Think about a modern-day President’s schedule.  He or she is obligated to fly around the country, at taxpayer expense, to fund-raise on behalf of the Party; to campaign on behalf of other Party candidates (whom the President often doesn’t know); and to campaign for his or her own re-election.  This is done at a cost of over $181,000 an hour to operate Air Force One; not to mention the cost of Secret Service protection and the multiple floors of Five-Star hotels that have to be closed to accommodate most of our recent Presidents’ lodging preferences.

It is important to note that none of these activities has anything to do with the business of the People.  The question becomes:  What would happen if we had a full-time President?

You now have the opportunity to discover the answer.

As an independent candidate, I am not indebted to a Party.  That means I can actually focus on serving our Nation rather than a political Party.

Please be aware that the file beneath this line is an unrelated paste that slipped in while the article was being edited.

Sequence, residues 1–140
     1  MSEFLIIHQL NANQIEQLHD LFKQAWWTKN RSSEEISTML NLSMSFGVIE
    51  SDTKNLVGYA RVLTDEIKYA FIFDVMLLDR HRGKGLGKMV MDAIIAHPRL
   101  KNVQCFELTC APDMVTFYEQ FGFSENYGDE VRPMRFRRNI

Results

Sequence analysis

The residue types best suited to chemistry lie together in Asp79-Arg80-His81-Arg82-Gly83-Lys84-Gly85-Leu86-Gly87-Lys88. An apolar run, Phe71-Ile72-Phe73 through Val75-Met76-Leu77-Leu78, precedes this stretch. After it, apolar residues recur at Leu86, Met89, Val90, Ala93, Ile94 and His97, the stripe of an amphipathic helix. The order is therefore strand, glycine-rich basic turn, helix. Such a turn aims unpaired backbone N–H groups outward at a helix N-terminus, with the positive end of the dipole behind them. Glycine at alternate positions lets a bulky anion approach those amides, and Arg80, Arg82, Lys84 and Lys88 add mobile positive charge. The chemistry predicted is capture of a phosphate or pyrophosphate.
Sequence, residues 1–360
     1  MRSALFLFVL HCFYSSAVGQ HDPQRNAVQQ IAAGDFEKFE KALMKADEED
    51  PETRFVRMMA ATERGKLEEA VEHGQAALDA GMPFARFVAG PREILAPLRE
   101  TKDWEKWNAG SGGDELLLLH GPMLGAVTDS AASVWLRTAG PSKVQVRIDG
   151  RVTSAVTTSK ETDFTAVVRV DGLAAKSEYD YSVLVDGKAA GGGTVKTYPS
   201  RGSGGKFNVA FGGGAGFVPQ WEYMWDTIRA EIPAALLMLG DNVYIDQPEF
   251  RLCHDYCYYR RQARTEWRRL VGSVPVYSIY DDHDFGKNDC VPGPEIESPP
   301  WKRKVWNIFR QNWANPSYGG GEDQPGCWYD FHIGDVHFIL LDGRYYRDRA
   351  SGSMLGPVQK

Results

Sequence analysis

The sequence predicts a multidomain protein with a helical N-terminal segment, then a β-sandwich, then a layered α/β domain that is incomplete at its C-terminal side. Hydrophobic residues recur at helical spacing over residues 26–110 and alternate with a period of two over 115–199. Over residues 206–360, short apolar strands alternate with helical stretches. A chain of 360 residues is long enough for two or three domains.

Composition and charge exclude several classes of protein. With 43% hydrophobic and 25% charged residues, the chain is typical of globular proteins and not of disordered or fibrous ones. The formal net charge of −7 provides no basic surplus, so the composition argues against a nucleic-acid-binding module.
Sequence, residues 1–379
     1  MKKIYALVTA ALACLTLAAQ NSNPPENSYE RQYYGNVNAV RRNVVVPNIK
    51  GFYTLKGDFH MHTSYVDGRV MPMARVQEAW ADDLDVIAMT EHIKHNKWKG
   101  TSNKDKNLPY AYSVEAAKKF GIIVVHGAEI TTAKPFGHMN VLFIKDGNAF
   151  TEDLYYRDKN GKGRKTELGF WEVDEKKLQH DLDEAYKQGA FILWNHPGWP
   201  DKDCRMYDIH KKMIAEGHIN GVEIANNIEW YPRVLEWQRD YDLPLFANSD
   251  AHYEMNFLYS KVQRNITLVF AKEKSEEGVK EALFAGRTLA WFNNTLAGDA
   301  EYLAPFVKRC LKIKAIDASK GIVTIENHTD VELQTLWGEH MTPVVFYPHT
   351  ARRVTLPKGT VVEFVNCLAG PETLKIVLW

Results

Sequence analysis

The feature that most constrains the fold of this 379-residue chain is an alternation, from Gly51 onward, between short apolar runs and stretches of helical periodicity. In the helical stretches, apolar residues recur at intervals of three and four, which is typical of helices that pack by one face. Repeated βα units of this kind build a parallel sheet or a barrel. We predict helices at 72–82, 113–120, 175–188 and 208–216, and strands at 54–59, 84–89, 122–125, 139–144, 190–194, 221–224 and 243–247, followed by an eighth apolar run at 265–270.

I am insulated from having to fund-raise for anyone.  I am not required to champion the candidacies of others and, quite frankly, if they can’t stand on their own accord, they do not warrant my support.

Additionally, I will commit not to run for re-election.  That does not mean that I would not serve a second term if it was the will of the People.  It simply means that I will not waste time raising money and campaigning for a second term.

The reality is that I will be the only candidate, at that moment in time, who has a record upon which to be judged.  If my performance merits a second term, I would be honored to serve.

I think that it’s absurd for an incumbent to raise and spend nearly $1 billion to get re-elected.  That amount of money would support 22,000 median-income households, 65,000 individuals receiving unemployment, or 87,000 people at the poverty level for an entire year.  If that perspective costs me a second term, so be it.

I also have the ability to exercise independent judgment. Compare that to the position of a Party President.

A Party President is under enormous pressure to comply with the Party’s platform (again, to protect the Party’s base).  That means that he or she is inclined to define problems, identify root causes, and evaluate alternatives that are in alignment with the Party’s position.  It also means that the President effectively only considers half of the solutions.  In my opinion, this is tantamount to a breach of fiduciary duty.